Return of the Jedi, the first somewhat-disappointing Star Wars movie, featured an unfinished second Death Star that was the primary focus of the film. And of course, in repetitive fashion, the Rebel Alliance had to destroy it or the galaxy would be in turmoil.
The only thing that saved that third act from being the ultimate snooze fest was the riveting confrontation between Luke Skywalker, his father Darth Vader, and Palpatine. It was that personal touch that made the movie special and memorable.
You see, Luke fighting to save his father gave emotional gravitas to an ending that could’ve been kind of boring but his showdown with Palpatine was anything but boring because there was that personal connection.
That storyline with Vader and Luke honestly saved the movie because everything else was kind of so-so. Think about the rest of the films that feature massive third acts resulting in some sort of weapon needing to be destroyed.
The Phantom Menace, Trade Federation ship needs to be destroyed to save Naboo. The Force Awakens, the StarKiller Base (Death Star 3.0) needs to be destroyed. The Rise of Skywalker, a satellite needs to be destroyed to stop the Final Order from taking over the galaxy.
And even though Attack of the Clones doesn’t exactly have a weapon that needs destroying, its climactic battle held no personal connection to the characters. The same can be said with Solo: A Star Wars Story. The movie’s climax is boring because we don’t really care about Qi’ra’s story with Dryden, Han’s relationship with Beckett, or even Han’s connection with Qi’ra. So the end just kind of…happens.
You see the trend with these movies? The lack of the personal touch in these movies’ third acts make for somewhat a boring movie. And even though The Force Awakens is a great film it’s a copycat of A New Hope‘s entire structure.
Now let’s look at the best Star Wars movies and their incredible third acts.
Revenge of the Sith didn’t conclude with a massive space battle for the fate of the galaxy. It concluded with a very personal showdown between Anakin and Obi-Wan on Mustafar and across the galaxy we had the ultimate duel between the galaxy’s greatest Force-users, Yoda and Palpatine.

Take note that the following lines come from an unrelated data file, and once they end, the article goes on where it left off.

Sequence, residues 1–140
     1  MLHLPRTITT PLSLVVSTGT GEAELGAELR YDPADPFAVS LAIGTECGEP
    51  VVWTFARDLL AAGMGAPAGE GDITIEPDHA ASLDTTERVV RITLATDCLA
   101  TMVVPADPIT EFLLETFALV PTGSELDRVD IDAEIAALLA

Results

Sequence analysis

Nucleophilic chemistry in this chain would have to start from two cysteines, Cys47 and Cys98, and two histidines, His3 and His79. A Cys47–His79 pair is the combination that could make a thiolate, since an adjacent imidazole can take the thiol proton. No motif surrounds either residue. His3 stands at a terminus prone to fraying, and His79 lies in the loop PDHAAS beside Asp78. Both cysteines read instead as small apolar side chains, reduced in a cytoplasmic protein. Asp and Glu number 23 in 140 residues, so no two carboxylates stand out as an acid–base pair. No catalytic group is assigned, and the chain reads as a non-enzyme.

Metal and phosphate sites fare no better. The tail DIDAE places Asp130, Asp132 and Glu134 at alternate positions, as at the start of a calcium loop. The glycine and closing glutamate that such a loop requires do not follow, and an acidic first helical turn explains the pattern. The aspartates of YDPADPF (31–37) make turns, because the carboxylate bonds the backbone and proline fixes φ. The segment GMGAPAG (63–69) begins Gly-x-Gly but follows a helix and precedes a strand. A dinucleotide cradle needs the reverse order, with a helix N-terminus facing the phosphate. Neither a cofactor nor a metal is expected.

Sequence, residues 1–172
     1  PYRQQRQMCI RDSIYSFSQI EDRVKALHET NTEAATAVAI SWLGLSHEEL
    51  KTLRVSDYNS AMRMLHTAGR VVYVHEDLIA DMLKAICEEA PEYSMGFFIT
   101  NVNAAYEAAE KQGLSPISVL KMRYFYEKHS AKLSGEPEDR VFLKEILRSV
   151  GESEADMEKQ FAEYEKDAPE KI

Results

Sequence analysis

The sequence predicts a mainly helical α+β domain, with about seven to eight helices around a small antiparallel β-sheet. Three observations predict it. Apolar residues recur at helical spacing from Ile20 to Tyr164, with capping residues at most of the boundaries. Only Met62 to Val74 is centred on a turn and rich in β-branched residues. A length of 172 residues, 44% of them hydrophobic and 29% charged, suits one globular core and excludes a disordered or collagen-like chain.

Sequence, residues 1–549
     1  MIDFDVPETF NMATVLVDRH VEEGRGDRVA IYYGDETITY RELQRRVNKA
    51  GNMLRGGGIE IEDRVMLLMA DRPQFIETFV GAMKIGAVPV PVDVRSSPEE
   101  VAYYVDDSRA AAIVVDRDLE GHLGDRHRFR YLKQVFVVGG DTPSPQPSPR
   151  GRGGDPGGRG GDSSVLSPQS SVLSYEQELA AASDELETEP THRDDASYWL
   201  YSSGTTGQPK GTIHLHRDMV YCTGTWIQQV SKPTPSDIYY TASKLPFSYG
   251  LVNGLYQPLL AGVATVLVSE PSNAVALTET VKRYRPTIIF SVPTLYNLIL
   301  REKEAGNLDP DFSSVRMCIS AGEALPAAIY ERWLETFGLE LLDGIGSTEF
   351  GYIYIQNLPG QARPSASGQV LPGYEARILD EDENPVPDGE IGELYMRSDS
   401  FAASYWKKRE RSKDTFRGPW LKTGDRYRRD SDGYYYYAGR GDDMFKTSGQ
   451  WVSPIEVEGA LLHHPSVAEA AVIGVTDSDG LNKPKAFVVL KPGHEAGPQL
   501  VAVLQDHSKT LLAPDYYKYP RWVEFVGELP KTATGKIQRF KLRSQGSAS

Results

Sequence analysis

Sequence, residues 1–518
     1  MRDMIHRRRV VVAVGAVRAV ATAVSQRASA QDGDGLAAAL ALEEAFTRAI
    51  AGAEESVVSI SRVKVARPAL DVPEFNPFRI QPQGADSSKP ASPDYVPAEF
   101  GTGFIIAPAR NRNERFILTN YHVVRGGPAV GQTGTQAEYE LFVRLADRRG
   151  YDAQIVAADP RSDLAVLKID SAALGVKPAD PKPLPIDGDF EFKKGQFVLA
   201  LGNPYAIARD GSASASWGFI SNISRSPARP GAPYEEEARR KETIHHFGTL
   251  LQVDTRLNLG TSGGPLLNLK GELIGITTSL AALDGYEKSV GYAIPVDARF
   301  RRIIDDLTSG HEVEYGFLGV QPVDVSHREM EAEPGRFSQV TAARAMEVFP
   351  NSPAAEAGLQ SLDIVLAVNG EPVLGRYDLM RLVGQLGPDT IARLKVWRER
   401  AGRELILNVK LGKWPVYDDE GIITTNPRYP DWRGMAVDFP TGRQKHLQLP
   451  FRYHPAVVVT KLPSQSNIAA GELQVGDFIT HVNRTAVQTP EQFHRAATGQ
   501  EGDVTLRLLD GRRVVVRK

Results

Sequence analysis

We feel so many feelings throughout the film’s final minutes because the trilogy has established a profound connection between these characters that when we see this lightsaber-duel conclusion it feels like it means something.
Padme dies, her children are born and separated, Yoda goes into exile, and the galaxy has actually been taken over by the Empire. It’s a somber ending but it is a fitting conclusion to the Prequel Trilogy.
Rogue One does have a very loooong climactic finale but the personal connection comes with Jyn’s determination to see her father’s plan realized. Plus, not only are the stakes very high but all of the characters die. It’s shocking, it’s emotional to watch, and it’s one of the more memorable endings in the franchise.
The Last Jedi is a mixture of both worlds. On one hand, it suffers terribly from the need-to-destroy-the-weapon storyline as Finn and Rose are assigned on a boring mission to find a way to disable the Dreadnaught’s hyperspace tracker. On the other hand, the film concludes with another personal showdown between Kylo and Snoke, then Rey and Kylo, and then finally Kylo and Luke. The film’s final twenty minutes are utterly fascinating and if the rest of the movie had found a way to exclude that ridiculous casino-detour and Poe’s annoying shenanigans, the movie would’ve been so much better.
The Empire Strikes Back is the perfect Star Wars movie because it takes the personal touch to a whole other level. The film’s biggest battle comes in the film’s first forty minutes on Hoth. After that, the story establishes the connections between the characters–Han and Leia’s burgeoning romance, Luke and Yoda’s master-and-apprentice dynamic–so that when the film’s third act arrives you’re so invested in these characters’ stories the movie becomes even more riveting.